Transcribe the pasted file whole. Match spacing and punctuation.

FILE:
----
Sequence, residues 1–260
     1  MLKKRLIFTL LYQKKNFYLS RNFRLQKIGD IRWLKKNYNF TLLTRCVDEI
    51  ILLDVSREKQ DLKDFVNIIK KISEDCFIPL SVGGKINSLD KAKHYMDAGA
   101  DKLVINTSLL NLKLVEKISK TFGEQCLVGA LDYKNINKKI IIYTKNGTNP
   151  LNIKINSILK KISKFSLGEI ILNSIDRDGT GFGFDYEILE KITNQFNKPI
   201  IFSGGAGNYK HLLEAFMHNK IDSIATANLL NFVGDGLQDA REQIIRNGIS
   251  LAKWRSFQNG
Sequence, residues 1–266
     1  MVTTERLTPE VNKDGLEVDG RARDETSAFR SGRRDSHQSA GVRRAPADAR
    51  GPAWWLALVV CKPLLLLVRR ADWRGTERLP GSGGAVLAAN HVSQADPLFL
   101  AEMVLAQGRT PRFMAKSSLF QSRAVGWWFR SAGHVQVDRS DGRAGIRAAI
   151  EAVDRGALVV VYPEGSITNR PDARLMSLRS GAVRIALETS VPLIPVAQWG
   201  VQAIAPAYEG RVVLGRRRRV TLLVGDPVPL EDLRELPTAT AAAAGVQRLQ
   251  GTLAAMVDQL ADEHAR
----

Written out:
Sequence, residues 1–260
     1  MLKKRLIFTL LYQKKNFYLS RNFRLQKIGD IRWLKKNYNF TLLTRCVDEI
    51  ILLDVSREKQ DLKDFVNIIK KISEDCFIPL SVGGKINSLD KAKHYMDAGA
   101  DKLVINTSLL NLKLVEKISK TFGEQCLVGA LDYKNINKKI IIYTKNGTNP
   151  LNIKINSILK KISKFSLGEI ILNSIDRDGT GFGFDYEILE KITNQFNKPI
   201  IFSGGAGNYK HLLEAFMHNK IDSIATANLL NFVGDGLQDA REQIIRNGIS
   251  LAKWRSFQNG
Sequence, residues 1–266
     1  MVTTERLTPE VNKDGLEVDG RARDETSAFR SGRRDSHQSA GVRRAPADAR
    51  GPAWWLALVV CKPLLLLVRR ADWRGTERLP GSGGAVLAAN HVSQADPLFL
   101  AEMVLAQGRT PRFMAKSSLF QSRAVGWWFR SAGHVQVDRS DGRAGIRAAI
   151  EAVDRGALVV VYPEGSITNR PDARLMSLRS GAVRIALETS VPLIPVAQWG
   201  VQAIAPAYEG RVVLGRRRRV TLLVGDPVPL EDLRELPTAT AAAAGVQRLQ
   251  GTLAAMVDQL ADEHAR